The Play of Girls


Xiong Jing Nan (Courtesy of ONE Championship)

Search the web for gender-neutral toys and you will get back a ton of option and advice. This brouhaha has been going on for a couple of years and shows little sign of abating. The driving energy behind this discussion is twofold. We have come to recognize that sexual identity is a mixed bag, if you will, with all sorts of expressions. Second, we have also begun to understand that women have been conditioned to take a subservient role to their detriment and that of society. The one positive outcome of this debate has been the rejection of gender-stereotyped marketing as, for example, large chain stores like Target get rid of the pink and blue aisles.

At the core, this discussion of the role of sexual stereotyping boils down to a much longer and older debate about the influence of nature versus nurture. From a physiological standpoint, a baby is a boy or a girl at about nine weeks from conception, that is, very early on.  For a baby to become a boy the presence of androgen hormones, specifically testosterone is required. Indeed, the amount of testosterone during gestation largely determines the range of sexual expression in the baby and its later maturation; thus, sexual identity is a range rather than a binary result.

What does this mean for parents and society at large? The implications are that a child’s sexuality and its expression is fundamentally “hardwired” from a biological standpoint

The following fact may come as a shock to some, but boys and girls really are different:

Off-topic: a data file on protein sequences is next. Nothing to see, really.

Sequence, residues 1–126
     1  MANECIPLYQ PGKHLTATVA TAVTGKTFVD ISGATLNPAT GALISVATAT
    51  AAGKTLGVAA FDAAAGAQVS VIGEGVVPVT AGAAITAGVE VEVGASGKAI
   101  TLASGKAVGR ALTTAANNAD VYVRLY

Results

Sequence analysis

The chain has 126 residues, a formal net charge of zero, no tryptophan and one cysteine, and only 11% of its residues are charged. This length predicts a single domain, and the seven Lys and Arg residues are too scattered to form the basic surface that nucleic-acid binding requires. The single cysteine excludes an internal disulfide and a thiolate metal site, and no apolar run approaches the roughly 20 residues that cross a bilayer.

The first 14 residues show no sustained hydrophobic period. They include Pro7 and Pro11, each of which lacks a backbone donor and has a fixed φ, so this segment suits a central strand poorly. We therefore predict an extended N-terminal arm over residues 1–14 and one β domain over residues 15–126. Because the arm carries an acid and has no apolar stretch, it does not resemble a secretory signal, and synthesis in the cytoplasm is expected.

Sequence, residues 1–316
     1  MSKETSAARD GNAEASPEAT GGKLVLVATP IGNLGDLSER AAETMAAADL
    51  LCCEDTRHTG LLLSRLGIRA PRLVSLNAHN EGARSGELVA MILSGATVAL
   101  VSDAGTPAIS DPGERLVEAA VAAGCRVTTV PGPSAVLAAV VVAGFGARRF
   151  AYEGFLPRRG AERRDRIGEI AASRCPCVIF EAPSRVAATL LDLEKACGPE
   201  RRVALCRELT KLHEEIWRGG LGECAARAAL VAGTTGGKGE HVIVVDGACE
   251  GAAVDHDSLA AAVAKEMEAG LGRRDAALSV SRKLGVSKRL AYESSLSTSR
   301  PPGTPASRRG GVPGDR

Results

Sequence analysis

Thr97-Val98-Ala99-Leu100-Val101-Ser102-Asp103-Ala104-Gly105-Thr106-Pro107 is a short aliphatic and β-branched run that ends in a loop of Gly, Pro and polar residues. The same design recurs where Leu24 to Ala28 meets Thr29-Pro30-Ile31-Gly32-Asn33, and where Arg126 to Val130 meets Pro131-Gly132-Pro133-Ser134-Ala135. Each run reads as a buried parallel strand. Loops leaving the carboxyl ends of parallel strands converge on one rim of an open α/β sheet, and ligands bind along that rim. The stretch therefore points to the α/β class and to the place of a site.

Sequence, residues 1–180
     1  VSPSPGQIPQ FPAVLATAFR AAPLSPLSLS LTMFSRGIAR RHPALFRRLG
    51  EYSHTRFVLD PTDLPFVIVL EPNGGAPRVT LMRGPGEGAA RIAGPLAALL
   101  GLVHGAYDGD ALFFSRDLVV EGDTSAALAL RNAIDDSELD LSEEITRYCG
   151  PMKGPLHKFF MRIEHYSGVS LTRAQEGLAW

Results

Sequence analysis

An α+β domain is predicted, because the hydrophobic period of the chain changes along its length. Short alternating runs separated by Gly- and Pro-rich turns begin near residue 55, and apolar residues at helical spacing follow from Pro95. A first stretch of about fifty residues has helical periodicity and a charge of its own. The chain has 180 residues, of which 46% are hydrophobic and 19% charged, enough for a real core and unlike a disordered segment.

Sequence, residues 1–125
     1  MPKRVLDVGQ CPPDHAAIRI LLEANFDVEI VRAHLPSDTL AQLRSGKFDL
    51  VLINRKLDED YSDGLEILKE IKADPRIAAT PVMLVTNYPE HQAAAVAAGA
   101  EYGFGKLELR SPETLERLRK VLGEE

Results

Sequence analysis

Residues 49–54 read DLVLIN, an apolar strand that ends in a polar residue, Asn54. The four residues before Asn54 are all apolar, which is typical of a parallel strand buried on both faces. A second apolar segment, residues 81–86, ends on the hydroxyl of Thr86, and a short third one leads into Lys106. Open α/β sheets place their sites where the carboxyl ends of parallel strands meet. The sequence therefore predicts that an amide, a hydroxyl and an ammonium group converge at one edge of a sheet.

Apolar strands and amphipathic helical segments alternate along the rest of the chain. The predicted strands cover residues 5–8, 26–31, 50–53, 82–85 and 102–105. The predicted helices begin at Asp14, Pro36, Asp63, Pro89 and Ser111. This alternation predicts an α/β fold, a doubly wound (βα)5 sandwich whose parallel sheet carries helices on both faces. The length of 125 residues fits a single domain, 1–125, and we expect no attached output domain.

• Boys engage in more rough and tumble play than girls
  • Boys tend to be more aggressive than girls
  • While boys and girls show the same interest in infants, by the age of 6, girls are more interested
  • Boys are more interested in object-oriented play and use more tools than girls
  • Girls develop earlier, and more, language skills than boys

What is difficult is to sort out how biology and culture influence these tendencies. Let’s look at rough and tumble play for example. Fathers engage in more of this type of play than mothers and when they do they give more and rougher play to boys. Such vigorous handling conditions the child to aggressive behaviors in a playful way. As children begin to play with their peers

How is a girl to learn to become a winner if she never wins a play fight? Coming out a winner in play is not only possible, but it is also part of what makes play fun. First, the players have to be able to read each other’s faces and actions so that they know that the “fight” isn’t for real. Such combatants will often change roles with the dominant child “pulling their punches” so the other player gets to win. If the dominant child doesn’t turn down their aggressive responses, then the game will soon be over, and nobody wins. This sort of generosity builds social bonds of trust and respect and play is the perfect venue for such learning.

The bottom line?  Dads, it is OK, in fact, it’s great, to play rough with your girls. Moreover, it is time we accepted as a society that it’s really is OK for kids to play fight.

Our child-rearing practices regarding vigorous play is just one example of how we get child rearing wrong. So, when people talk about women having equal stature in society, we need to take a very critical look at our child-rearing assumptions and practices. In my next blog, we will examine the role play and careers in technology.

For more on this subject see:

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